expulsion

noun
ex·​pul·​sion | \ik-ˈspəl-shən \

Definition of expulsion 

: the act of expelling : the state of being expelled

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Other Words from expulsion

expulsive \ik-​ˈspəl-​siv \ adjective

Examples of expulsion in a Sentence

The government engaged in mass expulsions. the expulsion of air from the lungs

Recent Examples on the Web

The case led to the expulsion of Russian diplomats from Britain, the United States, and other countries, and tit-for-tat retaliation by Moscow. BostonGlobe.com, "2 more in England exposed to same nerve agent that sickened spy," 8 July 2018 The case led to the expulsion of Russian diplomats from Britain, the United States, and other countries. Washington Post, "UK official reassures residents in poisoning case," 8 July 2018 The poisoning of the former Russian spy and his daughter in the U.K., which Western leaders said was carried out by Moscow, led to the expulsion of 60 Russian diplomats from the U.S.—the largest by the U.S. since the Cold War. Michael C. Bender, WSJ, "The Art of the Handshake: How Trump’s Syria Alliance Came Together," 16 Apr. 2018 The poisoning dispute has led to severe tensions between Russia and the West, and to the expulsions of hundreds of diplomats between them. Jill Lawless And Danica Kirka, chicagotribune.com, "Chemical watchdog says former Russian spy, daughter poisoned by nerve agent," 12 Apr. 2018 Russia has denied the allegation, but the anger of the incident has led to a mass expulsion of Russian diplomats from countries aligned with Britain. Time, "The Poisoned Daughter of a Russian Ex-Spy Has Been Released From Hospital, British Media Says," 10 Apr. 2018 That led to the coordinated expulsions of more than 150 Russian diplomats by British allies including the U.S., Canada, Australia and European nations. Alex Morales, Bloomberg.com, "Poisoned Russian Spy Sergei Skripal ‘Improving Rapidly,’ Hospital Says," 6 Apr. 2018 The ambassador also objected to the expulsion from Britain and other countries of Russian diplomats who were accused of being intelligence operatives operating under diplomatic cover. Oren Dorell, USA TODAY, "Russia's ambassador to Britain: Russia 'never produced Novichok'," 5 Apr. 2018 Foreign banks are at risk of fines and even expulsion from the U.S. financial system if caught handling transactions for the group. Samuel Rubenfeld, WSJ, "U.S. Ramps Up Sanctions on Hezbollah as Part of Iran Pressure," 13 Nov. 2018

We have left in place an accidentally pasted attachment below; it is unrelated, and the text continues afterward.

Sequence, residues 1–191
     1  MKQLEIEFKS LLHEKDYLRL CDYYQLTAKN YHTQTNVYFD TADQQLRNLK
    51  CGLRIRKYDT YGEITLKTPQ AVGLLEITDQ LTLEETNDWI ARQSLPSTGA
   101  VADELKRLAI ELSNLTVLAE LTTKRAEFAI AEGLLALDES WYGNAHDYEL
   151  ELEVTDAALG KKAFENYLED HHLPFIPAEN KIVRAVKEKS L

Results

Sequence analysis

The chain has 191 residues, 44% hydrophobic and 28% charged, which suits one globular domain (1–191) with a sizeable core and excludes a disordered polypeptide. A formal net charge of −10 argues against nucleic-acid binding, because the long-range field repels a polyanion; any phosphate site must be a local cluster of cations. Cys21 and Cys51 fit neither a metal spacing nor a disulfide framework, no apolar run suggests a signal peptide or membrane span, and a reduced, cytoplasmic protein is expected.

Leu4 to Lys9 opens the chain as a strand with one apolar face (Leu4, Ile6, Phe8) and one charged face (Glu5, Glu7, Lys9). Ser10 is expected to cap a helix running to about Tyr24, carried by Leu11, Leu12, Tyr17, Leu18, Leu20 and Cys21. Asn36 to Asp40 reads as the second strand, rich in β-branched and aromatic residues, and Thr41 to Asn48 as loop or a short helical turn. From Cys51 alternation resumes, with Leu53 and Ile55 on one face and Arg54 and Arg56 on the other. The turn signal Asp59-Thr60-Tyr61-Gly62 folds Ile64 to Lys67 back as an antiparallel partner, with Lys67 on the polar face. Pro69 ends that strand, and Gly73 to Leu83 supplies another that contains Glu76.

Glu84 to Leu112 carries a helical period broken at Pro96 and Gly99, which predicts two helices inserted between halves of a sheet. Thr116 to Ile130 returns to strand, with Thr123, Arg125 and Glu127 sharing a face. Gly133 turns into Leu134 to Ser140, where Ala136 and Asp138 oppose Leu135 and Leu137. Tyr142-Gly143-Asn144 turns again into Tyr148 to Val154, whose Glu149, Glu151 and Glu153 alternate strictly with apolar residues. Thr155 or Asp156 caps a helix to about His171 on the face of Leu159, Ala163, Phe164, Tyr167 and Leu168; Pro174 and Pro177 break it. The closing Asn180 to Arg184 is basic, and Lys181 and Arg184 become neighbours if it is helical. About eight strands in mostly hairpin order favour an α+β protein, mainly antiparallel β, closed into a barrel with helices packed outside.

These example sentences are selected automatically from various online news sources to reflect current usage of the word 'expulsion.' Views expressed in the examples do not represent the opinion of Merriam-Webster or its editors. Send us feedback.

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First Known Use of expulsion

15th century, in the meaning defined above

History and Etymology for expulsion

Middle English, from Anglo-French expulsioun, from Latin expulsion-, expulsio, from expellere to expel

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Statistics for expulsion

Last Updated

4 Dec 2018

Look-up Popularity

Time Traveler for expulsion

The first known use of expulsion was in the 15th century

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More Definitions for expulsion

expulsion

noun

English Language Learners Definition of expulsion

: the act of forcing someone to leave a place (such as a country or a school) : the act of expelling someone

: the act of forcing something out : the act of expelling something

expulsion

noun
ex·​pul·​sion | \ik-ˈspəl-shən \

Kids Definition of expulsion

: the act of forcing to leave : the state of being forced to leave

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Comments on expulsion

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